A Canadian press-freedom group has come under fire after the sacking of one of its employees who published a statement condemning the “extrajudicial killings” of Palestinian demonstrators by Israeli forces in Gaza.
At least 17 Palestinians were killed by Israeli live fire and more than 1,000 others were wounded, as thousands rallied to mark the 42nd anniversary of Land Day on March 30. Among those injured were at least 10 journalists.
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On April 2, Kevin Metcalf, communications coordinator for the Canadian Journalists for Free Expression (CJFE), wrote a statement on behalf of the group urging the government of Canada to condemn the “IDF’s [Israeli Defence Forces] brutality”.
Failure to do so, he wrote, “will undermine Canada’s moral authority when condemning similar acts by any other nation-state. Targeted attacks against demonstrators and journalists must be condemned wherever they occur”.
Canada regularly issues statements denouncing violence that occurs worldwide – most recently, it condemned the reported chemical attack in Syria’s Eastern Ghouta. However, the Canadian government has remained silent regarding the killing of unarmed Palestinian protesters.
Metcalf’s statement was attacked by critics who accused the CJFE of lacking neutrality, taking a position in the conflict and pushing for “anti-Israel policy”.
Am I the only one disturbed that an organization called Canadian Journalists for Free expression is lobbying the Canadian government to take a specific position on Israel? Does @CJFE realize how such politicking can damage our reputation, and thus freedom? pic.twitter.com/1R3ISG9ZtM
— Doug Saunders (@DougSaunders) April 2, 2018
Meanwhile, as the Friday protests in Gaza continued, another 15 Palestinians were killed and a total of 1,600 were wounded, including seven journalists.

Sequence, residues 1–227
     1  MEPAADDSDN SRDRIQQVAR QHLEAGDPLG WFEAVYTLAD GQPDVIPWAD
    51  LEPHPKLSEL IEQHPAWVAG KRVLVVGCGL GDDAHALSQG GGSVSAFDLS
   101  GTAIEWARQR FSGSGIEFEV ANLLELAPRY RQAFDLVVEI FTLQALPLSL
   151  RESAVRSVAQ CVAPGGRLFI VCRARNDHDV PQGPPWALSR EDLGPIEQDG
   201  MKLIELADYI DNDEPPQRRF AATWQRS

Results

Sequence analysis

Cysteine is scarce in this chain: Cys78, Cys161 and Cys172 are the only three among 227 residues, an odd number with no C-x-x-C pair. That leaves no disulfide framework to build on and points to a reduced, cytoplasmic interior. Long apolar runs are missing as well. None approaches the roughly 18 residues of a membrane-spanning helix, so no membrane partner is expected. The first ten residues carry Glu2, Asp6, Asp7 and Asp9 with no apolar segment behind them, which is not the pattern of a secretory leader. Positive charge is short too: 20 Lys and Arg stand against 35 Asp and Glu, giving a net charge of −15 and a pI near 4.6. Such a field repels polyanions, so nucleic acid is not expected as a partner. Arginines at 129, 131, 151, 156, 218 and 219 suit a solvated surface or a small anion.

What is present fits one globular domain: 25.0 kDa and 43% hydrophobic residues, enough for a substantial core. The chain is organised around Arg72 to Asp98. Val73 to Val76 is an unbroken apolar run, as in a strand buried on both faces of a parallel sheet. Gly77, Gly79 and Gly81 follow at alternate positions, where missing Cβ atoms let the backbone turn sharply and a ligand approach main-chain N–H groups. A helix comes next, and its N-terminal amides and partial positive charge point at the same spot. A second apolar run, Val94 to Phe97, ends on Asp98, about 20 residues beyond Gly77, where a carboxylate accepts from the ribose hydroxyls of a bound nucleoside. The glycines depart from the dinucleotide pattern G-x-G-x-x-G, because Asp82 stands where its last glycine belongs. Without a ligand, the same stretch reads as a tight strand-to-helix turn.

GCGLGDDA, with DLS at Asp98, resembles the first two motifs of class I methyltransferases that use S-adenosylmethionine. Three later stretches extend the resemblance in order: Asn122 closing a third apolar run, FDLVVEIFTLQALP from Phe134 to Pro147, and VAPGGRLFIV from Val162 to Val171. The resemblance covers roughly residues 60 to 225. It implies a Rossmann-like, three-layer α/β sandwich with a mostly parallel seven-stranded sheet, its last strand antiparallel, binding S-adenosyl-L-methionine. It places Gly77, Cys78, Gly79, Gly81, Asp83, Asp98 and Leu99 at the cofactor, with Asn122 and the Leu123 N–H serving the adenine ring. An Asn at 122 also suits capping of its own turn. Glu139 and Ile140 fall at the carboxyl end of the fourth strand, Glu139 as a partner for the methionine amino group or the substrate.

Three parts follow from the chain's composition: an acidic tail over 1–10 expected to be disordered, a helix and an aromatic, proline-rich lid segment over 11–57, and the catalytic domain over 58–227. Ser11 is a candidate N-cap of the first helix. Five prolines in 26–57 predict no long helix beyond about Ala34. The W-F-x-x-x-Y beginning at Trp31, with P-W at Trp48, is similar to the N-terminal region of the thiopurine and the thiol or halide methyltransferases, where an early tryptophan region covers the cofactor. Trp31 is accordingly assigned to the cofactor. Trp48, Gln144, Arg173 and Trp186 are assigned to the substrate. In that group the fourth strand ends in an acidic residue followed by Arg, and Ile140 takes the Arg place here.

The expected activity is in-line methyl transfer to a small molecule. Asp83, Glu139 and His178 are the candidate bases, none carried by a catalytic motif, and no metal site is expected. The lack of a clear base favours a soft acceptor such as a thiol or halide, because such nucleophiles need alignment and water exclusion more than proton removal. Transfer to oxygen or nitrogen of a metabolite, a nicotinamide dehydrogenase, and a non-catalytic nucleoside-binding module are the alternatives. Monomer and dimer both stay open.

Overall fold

On April 8, a day after Palestinian photographer Yaser Murtaja died of his wounds after being shot by an Israeli sniper while wearing a jacket clearly marked with the word “PRESS” on it, CJFE removed their statement and Metcalf was notified of his termination.
“It was made very clear to me that they weren’t going to keep me on [employed] as a result of having published the statement,” Metcalf told Al Jazeera.
On April 11, the CJFE explained in a revised statement that it decided to remove the text written by Metcalf because it “went beyond the organisation’s mandate” and was “overreaching”.
When asked to clarify what was particularly problematic, Tom Henheffer, vice president of CJFE, said: “The core message wasn’t wrong, but it was too broad in focus and incorrect in tone, easily leaving it open to misinterpretation (which led to the controversy online over the last couple of weeks).
“Our new statement still condemns the IDF [Israeli army] action, calls for an impartial investigation, and asks the Canadian government to call for the same, but does so in a more precise way that better aligns with our core mandate,” Henheffer wrote in an email to Al Jazeera.
Metcalf said he did not expect such controversy to arise, given the fact that the CJFE has regularly condemned suppression of speech and journalism worldwide, including in countries such as China, Croatia, Iran and Russia.
“Writing and publishing statements and protest letters is what is expected of me as per my job description. It is clear that I am being punished for doing my job,” Metcalf wrote in a Facebook post on April 9.
Independent Jewish Voices Canada (IJV) also said that they were “deeply concerned” about the “politically-motivated firing” of Metcalf.
“The firing of Mr Metcalf for defending press freedom against attacks in Palestine sends the message that support for freedom of the press is contingent,” Corey Balsam, national coordinator for IJV, said.
“With Israel’s blockade of access points to the occupied Palestinian territories, local reporters are among the few sources of information coming out of the region,” added Balsam.
“Canadian Journalists for Free Expression was right to condemn the killing of their colleagues as well as other lethal attempts to silence Palestinians’ right to protest, much as they do in other contexts.”
CJFE was not the only media watchdog to issue a statement condemning the lethal force used by Israeli forces. Reporters Without Borders accused Israel of “deliberately shooting” journalists in Gaza.
The US-based Committee to Protect Journalists went a step further in their statement, referring to those responsible for Murtaja’s death as “killers” in its headline.
Neil Macdonald, an opinion columnist for the Canadian Broadcasting Corporation (CBC) who has also reported from the occupied Palestinian Territories, argued that excesses of Israeli soldiers are almost never punished. That’s why, he said, criticism from organisations like CJFE or the International Criminal Court are important.
“For a journalist working in Gaza or the Occupied Territories, a PRESS badge offers limited protection at best. For a Palestinian journalist, it clearly offers none at all,” Macdonald wrote.